If you fail to take your RMD, or you miss the deadline and you’re late, the penalties are severe. If you miss the deadline, you’ll have to pay a 50% tax on the amount you were supposed to withdraw.
For example, if you were required to take an RMD of $5,000 this year but you missed the deadline, you need to hand over $2,500 of it to the IRS.
Can the penalty be waived?
Fortunately, yes. Missed RMD payments need to be reported to the IRS through Form 5329. The good news is, if you missed it by accident or due to a reasonable error, the IRS can waive the penalty.
You’ll still need to fill out the same form, Form 5329, but you’ll also have to attach a letter explaining why you missed it, and what steps you’ve taken to fix the mistake.
Follow the instructions for filling out a waiver request on page 8 of this document under “Waiver of Tax for reasonable cause.” The IRS will review your case and notify you of their decision.
How RMD amounts are calculated
The exact amount of RMD you must take each year uses a complex calculation, and it’s different for everybody. The IRS takes your solo 401k account balance as of December 31, of the preceding year, and divides it your life expectancy factor.
What’s a life expectancy factor?
The IRS used to just divide it by your age, but the calculations have changed. Every age has a different life expectancy factor. And to make things even more complicating, the numbers are different if you have a spouse that acts as your solo 401k account’s sole beneficiary, and is at least 10 years younger than you.
You can find your life expectancy factor using the RMD table below.
Solo 401k RMD Table for 2023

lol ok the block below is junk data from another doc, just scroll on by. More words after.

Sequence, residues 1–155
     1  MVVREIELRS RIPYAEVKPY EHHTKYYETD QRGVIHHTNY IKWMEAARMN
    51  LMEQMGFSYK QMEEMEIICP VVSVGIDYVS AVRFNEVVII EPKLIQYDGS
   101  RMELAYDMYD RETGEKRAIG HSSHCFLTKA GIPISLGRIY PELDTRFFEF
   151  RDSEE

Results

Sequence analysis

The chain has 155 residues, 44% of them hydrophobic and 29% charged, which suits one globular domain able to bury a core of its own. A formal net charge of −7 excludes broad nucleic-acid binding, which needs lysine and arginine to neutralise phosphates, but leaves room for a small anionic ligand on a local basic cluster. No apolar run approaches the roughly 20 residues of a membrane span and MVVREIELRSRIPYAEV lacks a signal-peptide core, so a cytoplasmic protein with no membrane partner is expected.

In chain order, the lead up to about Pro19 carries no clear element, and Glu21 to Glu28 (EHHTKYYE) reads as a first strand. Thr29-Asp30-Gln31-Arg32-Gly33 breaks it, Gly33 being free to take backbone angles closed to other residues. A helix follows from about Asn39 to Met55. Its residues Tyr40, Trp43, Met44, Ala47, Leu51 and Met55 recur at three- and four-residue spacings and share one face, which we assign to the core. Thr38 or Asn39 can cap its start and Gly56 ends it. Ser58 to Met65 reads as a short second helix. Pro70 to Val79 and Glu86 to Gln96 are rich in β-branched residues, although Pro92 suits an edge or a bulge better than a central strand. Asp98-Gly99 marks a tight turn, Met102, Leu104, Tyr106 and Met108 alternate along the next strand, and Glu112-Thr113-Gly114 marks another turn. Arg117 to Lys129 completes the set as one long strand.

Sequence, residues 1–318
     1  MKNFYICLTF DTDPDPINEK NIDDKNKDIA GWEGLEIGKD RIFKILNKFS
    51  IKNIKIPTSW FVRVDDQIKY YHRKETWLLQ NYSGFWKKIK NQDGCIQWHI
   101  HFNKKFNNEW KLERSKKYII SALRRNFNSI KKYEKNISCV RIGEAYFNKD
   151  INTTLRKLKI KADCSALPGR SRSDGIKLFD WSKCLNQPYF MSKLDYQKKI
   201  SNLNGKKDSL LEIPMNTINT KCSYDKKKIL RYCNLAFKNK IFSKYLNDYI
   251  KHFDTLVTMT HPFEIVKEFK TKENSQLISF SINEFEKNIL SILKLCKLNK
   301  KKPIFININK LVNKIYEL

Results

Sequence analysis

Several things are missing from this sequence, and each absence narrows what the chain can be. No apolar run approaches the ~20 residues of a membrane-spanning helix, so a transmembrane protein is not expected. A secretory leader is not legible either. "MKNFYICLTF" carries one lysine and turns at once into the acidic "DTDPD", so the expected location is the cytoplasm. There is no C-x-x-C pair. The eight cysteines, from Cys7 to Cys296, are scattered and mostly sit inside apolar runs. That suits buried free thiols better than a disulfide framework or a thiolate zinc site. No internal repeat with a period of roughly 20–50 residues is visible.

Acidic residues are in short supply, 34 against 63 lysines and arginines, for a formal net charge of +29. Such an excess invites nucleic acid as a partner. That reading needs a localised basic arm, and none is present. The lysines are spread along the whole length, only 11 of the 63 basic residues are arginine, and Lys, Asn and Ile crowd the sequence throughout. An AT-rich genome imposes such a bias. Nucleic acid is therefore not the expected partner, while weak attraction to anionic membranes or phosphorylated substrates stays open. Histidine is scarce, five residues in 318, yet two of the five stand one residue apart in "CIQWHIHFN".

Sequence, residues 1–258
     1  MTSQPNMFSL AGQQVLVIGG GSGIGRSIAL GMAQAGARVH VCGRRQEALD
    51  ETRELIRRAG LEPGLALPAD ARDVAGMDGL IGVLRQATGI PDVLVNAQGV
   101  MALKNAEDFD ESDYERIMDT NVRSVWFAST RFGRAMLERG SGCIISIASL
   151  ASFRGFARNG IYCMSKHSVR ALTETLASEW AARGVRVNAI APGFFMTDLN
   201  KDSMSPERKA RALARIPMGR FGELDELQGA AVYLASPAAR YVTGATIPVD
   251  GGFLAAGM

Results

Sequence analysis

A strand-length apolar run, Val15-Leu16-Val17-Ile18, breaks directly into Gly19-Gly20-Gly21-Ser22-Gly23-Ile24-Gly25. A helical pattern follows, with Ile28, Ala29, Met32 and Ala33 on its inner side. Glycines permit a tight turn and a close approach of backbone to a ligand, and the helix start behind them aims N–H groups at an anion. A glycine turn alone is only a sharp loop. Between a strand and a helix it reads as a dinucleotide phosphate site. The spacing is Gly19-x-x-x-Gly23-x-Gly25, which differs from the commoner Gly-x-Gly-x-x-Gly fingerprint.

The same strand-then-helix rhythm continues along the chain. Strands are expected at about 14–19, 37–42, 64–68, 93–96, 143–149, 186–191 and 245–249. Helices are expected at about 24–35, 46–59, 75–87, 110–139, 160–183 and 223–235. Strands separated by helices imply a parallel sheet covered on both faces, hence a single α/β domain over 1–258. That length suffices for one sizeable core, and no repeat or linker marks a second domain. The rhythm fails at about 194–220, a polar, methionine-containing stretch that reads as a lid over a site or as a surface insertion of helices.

|Age||Life Expectancy Factor||Percentage of Account Balance|
How do I take my RMD if I don’t have any cash in the account?
This is a common question. If all the funds in your solo 401k are invested in assets, and you don’t have any liquid cash to take your RMD, you’ll have to sell enough assets in order to take the appropriate amount of RMD.
Can I withdraw more than the RMD?
Yes, it’s completely up to you. However, just keep in mind that the excess amount will not carry over to next year’s RMD.
Do Roth solo 401k accounts also have an RMD?
Yes. Since the only retirement account that doesn’t have an RMD is a Roth IRA, some people mistakenly assume that the Roth solo 401k doesn’t have one either.
Unfortunately, it does. The good news is, you won’t have to pay any taxes on withdrawals made from your Roth solo 401k since you already paid taxes on your contributions.
What if I have more than one retirement account?
If you have multiple retirement plans, you must treat each one separately. No aggregation allowed.
Each retirement plan has their own RMD rules.
You must calculate the deadlines, and how much you need to take in RMD, for each separate retirement plan you have. Taking an RMD from one retirement plan doesn’t mean you’re exempt from taking an RMD from another. They are completely separate.
The Carry Solo 401k Plan comes fully managed and can help with RMD calculations, tax filings, and account compliance. Learn more here.